Recently, while doing a special project and looking for fresh ideas, I  decided to give these inks another try. It ended up being a delightful experiment with surprising discoveries. What I discovered was the India ink is permanent and not very blendable with other colors. But used individually, they produce very vibrant and intense effects. Below are a sample of my experiments.







Thanks for visiting.

Friday, July 11, 2014

Lunch Box




A couple of months ago I saw this lovely unbollywood Indian movie called 'Lunchbox'. In the movie lunchbox is used as a plot device to explore themes of love and longing and is set in present day Mumbai. South Indians call it "Tiffin Carrier" and the movie evoked nostalgic memories of my mother packing more than one tiffin carrier with food for our long trains trips from Delhi to Chennai. Back then, we rarely ate food made outside of home and on long journeys, except for coffee, all the food was made at home and carried in these big tiffin boxes. Food spoilage was minimized by only making those foods that could withstand two days of train travel. 

In those days, Every South Indian household had such a tiffin carrier and my mother gave me one when I got married. I brought it all the way to the US and even used it the first few years when we took long road trips. After awhile I stopped using the tall one but ended up with several smaller ones, that I now use to take lunch to work. Somehow, I never took to using plastic containers. 

Here is my collection. I am kind of proud of it.

If you look closely you will find my initials inscribed on the side









Thanks for visiting.

Saturday, June 28, 2014

Green Banana Chips



The green bananas from the Indian store have been languishing in the refrigerator since last Saturday. The idea of making the same old curry was kind of boring. So, I decided to throw dietary caution to the wind and decided to make chips out of them. It was a hot and sticky day with the temperatures in the 80s and it seemed totally appropriate to spend one's time toiling over a hot stove! It did not take long to make them, yet, by the time I was done, my shirt was clinging to my back. But the chips came out crisp and tasty.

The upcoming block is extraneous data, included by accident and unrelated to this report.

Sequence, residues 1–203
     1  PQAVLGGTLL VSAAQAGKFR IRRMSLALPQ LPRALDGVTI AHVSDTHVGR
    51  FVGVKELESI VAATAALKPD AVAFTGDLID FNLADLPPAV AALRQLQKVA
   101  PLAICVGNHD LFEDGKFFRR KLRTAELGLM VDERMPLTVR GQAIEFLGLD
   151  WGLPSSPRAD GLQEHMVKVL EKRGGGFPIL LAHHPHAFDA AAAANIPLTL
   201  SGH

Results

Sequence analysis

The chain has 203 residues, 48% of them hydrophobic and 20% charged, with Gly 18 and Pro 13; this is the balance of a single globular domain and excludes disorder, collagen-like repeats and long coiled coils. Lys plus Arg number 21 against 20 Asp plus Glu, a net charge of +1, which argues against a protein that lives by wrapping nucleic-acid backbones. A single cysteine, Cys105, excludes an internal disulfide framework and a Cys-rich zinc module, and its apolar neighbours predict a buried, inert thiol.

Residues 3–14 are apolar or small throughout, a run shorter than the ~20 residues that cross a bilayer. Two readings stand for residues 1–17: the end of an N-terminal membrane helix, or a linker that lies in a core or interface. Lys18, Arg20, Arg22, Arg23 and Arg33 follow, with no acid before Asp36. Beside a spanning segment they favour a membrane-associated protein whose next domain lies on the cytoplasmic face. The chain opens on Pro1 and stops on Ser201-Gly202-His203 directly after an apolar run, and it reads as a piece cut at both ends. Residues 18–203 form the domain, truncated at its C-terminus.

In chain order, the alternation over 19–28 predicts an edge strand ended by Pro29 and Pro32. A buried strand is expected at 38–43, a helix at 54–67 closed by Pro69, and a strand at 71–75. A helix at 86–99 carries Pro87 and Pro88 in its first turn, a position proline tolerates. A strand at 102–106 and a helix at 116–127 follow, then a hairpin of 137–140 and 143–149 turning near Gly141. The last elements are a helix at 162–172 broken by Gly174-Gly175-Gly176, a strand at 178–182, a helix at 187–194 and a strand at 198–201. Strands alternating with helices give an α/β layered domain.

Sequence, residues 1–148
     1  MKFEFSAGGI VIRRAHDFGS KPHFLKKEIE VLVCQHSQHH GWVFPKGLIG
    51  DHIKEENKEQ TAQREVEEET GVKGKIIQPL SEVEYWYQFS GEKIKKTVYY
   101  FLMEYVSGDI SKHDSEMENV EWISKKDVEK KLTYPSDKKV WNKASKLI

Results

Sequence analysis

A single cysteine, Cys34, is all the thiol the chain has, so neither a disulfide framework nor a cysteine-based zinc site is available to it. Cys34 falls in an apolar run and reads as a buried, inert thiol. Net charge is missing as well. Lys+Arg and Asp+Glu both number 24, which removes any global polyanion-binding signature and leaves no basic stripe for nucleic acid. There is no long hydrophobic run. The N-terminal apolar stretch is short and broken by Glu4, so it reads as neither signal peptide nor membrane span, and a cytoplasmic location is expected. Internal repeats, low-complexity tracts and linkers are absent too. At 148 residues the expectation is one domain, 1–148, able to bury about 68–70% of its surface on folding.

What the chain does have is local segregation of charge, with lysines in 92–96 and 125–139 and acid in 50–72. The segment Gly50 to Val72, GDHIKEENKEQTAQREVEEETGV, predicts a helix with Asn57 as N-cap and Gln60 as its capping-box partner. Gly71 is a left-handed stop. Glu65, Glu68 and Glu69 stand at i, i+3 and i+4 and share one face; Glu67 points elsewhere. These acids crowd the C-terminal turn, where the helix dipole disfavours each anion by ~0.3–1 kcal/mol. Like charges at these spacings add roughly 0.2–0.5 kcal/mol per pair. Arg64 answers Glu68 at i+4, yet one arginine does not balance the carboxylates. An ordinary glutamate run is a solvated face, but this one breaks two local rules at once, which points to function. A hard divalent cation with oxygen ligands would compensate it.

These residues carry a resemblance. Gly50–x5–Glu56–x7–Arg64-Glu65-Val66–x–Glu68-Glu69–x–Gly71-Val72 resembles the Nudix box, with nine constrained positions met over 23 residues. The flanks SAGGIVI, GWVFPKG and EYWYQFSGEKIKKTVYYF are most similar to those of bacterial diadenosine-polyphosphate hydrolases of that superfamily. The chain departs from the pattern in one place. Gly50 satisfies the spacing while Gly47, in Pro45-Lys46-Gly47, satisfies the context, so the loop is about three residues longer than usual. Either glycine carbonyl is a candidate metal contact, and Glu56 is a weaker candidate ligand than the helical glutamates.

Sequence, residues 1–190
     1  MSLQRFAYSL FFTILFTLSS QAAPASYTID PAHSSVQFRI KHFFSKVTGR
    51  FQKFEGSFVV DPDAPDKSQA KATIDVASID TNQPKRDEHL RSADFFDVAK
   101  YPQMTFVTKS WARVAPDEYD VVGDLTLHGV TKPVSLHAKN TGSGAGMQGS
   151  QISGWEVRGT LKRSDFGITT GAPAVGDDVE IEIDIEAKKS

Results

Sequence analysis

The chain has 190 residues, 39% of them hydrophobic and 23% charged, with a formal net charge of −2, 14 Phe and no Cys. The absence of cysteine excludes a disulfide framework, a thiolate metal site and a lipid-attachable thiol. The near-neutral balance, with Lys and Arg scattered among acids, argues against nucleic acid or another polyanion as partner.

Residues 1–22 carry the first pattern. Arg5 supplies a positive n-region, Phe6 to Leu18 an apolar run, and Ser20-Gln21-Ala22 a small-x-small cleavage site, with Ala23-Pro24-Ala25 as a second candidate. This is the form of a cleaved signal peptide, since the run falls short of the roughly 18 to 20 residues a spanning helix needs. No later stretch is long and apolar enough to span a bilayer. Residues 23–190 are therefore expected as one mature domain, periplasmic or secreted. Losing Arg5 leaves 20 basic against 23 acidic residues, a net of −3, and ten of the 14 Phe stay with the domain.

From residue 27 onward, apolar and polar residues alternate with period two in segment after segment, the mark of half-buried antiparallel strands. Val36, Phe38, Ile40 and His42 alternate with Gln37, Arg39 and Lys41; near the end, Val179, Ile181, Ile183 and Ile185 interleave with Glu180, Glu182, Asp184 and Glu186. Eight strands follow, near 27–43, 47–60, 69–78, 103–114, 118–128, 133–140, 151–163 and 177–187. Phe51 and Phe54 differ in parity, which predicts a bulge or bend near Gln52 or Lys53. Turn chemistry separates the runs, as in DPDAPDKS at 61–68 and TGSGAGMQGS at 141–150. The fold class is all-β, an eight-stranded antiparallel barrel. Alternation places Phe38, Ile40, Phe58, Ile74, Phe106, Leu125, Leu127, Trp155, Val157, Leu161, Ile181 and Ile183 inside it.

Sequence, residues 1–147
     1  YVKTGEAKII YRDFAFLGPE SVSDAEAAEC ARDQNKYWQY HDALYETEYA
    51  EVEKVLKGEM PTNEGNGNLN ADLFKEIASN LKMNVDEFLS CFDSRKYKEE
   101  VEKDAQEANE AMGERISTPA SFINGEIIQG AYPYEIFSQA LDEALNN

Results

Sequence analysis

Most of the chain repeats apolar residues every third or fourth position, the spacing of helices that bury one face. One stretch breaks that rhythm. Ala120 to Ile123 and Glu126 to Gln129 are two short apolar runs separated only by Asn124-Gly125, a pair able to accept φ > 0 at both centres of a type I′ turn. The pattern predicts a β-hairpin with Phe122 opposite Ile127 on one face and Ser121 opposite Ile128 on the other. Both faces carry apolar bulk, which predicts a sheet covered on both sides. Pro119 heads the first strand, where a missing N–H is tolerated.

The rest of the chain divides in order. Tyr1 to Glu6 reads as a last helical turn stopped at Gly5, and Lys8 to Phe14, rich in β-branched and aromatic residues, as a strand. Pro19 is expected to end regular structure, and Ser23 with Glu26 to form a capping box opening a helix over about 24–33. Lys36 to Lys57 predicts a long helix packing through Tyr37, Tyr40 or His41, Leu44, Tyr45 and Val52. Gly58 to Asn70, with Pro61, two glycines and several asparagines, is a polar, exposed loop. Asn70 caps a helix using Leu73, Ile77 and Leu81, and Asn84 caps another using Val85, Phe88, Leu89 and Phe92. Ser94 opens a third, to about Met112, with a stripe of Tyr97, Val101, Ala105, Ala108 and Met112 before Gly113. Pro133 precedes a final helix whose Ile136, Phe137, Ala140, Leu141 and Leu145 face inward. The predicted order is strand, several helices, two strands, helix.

What you will need:

1. Green bananas (the ones I used are the Indian variety and are small in size. You can also use the long green plantains).


2. Any oil that has a high smoking point, such as Corn oil or Canola oil
3. Peeler and a slicer
4. Salt and crushed red pepper to taste

Instructions

A. Wash and peel the skin of the bananas.
B. Slice them thinly.


C. Wipe off the moisture from the slices with paper towels.


D. Heat oil in deep frying pan, Test the temperature of the oil by dropping a slice and if it comes up sizzling, then the oil is ready for frying. Add a handful of slices into the hot oil.



E. Remove the chips from the pan when they turn golden brown. Drain them on a paper towel.






F. Sprinkle salt and red pepper and shake the chips to coat evenly.

If you store them in a ziploc bag, these chips will stay fresh and crisp for several days.

Thanks for visiting.

Saturday, June 14, 2014

Mapping the Sacred Using Street Photography: Kilpauk, Chennai


This is my repost for Seth Apter's Buried Treasures 2014. This is a cool project that Seth Apter, the mixed media artist, does every year on his blog The Altered Page. This is his fourth year of doing and what a lovely thing it is. If we can take the time, Seth's project takes us the wonderful world of artists blog across the internet. What a trip! Do see it for yourself.





It started as a simple project: to take  photos of the dozens of temples that dotted the area.  It is hard to miss them. Almost one per street. Almost all of them dedicated to Amman (mother goddess) and Ganesha and in various stages of growth. Even as you are pondering why so many, your eye catches something else. The almost equivalent proliferation of churches, little and big.  The juxtaposition of Amman (Mother Goddess) temple and Velankanni  shrine (Our Lady of Healing).  When did this happen? Then you remember Raji, the maid servant in your mother’s house, a Hindu woman  whose son had married a Christian, announcing she has become a Christian; the Sunday morning tent revivals, blaring mikes and the traffic jams. Then you realize that  the trade liberalization that welcomed the McDonalds, the Gap and other mncs, has also let in the Mormons, the Seventh Day Adventists and other evangelists.  Consumption followed by salvation. On the sacred geography of Kilpauk  (as in other parts of Chennai), the temples and the churches are no longer just  material evidence of Chennai’s religious pluralism but contested turfs for the hearts and souls of Chennai’s  low caste poor. You begin to wonder: is free trade finally accomplishing what two hundred years of direct British control could not?

The  photos and the text are the property of Indira Govindan. Please do not copy or reproduce any of the materials without my permission. Thanks for visiting.

Twithout my permission.
¨The  photos and the text are the property of Indira Govindan. Please do not copy or reproduce any of the materials without my permission.¨It